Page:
Iranian, German archaeologists commence work in western Iran

December 26, 2021 - 21:37

TEHRAN – A team of Iranian and German archaeologists has commenced another excavation season on an ancient mount in western Iran, a local official said on Sunday.

Experts of other fields such as natural sciences, architecture, restoration, and surveying are taking part in the project comprises, which is aimed to define boundaries of the mount, Pouya Talebnia said.

Co-directed by Talebnia and Shelir Amelirad from Heidelberg University, the team is willing to shed new light on the history of the nearby Uramanat tries to unearth remnants of historical monuments and relics.

Stretched on the slopes of Sarvabad county, and shared between the provinces of Kordestan and Kermanshah, the rural area embraces dense and step-like rows of houses in a way that the roof of each house forms the yard of the upper one, a feature that adds to its charm and attractiveness.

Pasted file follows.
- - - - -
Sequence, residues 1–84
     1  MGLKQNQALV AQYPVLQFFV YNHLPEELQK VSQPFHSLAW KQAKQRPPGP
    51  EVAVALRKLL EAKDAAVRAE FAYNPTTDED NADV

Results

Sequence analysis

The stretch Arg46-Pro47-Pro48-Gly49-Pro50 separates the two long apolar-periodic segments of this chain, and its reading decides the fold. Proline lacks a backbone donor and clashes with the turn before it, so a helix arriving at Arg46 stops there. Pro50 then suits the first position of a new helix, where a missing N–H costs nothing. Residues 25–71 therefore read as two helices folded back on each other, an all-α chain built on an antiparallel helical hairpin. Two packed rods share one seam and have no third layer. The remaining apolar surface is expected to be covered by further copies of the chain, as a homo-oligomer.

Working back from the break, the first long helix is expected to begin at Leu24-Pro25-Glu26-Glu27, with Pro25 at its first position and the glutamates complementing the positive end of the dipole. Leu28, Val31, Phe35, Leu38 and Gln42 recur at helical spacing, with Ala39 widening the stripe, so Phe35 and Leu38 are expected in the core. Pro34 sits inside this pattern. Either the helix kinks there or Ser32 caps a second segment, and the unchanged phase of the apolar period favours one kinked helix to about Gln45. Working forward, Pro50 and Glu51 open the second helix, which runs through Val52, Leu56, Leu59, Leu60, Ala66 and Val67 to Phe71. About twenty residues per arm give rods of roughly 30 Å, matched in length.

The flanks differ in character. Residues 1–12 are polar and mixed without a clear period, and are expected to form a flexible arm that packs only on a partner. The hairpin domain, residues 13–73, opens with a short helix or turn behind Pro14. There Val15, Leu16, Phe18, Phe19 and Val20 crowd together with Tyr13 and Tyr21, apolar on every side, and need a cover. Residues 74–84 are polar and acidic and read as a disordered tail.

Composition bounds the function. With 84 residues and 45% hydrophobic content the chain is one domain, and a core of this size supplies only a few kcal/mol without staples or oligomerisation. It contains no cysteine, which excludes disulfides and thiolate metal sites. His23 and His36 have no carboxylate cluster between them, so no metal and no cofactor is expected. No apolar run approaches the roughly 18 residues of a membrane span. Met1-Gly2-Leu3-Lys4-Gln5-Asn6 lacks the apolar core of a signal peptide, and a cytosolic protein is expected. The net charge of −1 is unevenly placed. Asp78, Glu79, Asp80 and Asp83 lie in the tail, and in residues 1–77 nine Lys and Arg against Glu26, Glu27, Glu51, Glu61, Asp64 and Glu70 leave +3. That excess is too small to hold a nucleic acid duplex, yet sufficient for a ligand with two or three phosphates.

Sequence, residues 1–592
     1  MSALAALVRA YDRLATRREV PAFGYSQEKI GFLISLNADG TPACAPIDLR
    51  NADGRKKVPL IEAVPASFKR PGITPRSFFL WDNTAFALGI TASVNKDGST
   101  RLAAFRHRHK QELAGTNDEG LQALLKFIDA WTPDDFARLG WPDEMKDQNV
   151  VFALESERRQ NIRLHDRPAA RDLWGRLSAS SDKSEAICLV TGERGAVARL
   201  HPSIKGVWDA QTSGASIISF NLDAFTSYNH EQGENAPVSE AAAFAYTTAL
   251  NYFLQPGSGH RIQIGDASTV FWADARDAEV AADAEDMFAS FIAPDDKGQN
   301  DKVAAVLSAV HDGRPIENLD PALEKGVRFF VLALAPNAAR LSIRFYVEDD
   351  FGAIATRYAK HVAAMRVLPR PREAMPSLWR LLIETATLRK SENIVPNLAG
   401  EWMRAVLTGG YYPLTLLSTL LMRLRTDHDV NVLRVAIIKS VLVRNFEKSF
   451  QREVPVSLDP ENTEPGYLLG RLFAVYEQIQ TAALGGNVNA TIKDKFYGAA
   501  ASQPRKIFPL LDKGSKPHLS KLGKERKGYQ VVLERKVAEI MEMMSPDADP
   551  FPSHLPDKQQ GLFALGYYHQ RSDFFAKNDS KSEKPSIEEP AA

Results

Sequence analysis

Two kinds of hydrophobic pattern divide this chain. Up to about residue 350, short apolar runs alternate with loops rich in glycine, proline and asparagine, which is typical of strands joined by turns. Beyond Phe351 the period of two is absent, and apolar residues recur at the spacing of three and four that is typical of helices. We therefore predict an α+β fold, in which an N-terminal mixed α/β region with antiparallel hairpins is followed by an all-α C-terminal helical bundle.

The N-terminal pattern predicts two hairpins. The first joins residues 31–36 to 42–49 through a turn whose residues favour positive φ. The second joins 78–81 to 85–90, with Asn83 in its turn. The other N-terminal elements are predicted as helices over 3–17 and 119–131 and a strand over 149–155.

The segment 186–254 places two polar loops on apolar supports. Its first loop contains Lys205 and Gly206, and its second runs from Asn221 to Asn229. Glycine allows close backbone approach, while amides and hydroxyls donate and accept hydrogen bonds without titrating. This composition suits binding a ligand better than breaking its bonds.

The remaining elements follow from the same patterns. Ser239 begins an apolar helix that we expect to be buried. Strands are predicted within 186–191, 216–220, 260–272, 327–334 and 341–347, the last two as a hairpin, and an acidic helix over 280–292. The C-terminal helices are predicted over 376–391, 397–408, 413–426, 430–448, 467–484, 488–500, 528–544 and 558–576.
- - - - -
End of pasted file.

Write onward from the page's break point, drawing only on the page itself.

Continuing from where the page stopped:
The remote and mountainous landscape of Uramanat, which is a UNESCO World Heritage, bears testimony to the traditional culture of the Hawrami people, an agropastoral Kurdish tribe that has inhabited the region since about 3000 BC.

The mode of human habitation in its main valleys has been adapted over millennia to the rough mountainous environment. Tiered steep-slope planning and architecture, gardening on dry-stone terraces, livestock breeding, and seasonal vertical migration are among the distinctive features of the local culture and life of the semi-nomadic Hawrami people who dwell in lowlands and highlands during different seasons of each year. Their uninterrupted presence in the landscape, which is also characterized by exceptional biodiversity and endemism, as evidenced by stone tools, caves and rock shelters, mounds, remnants of permanent and temporary settlement sites, and workshops, cemeteries, roads, villages, castles, and more.


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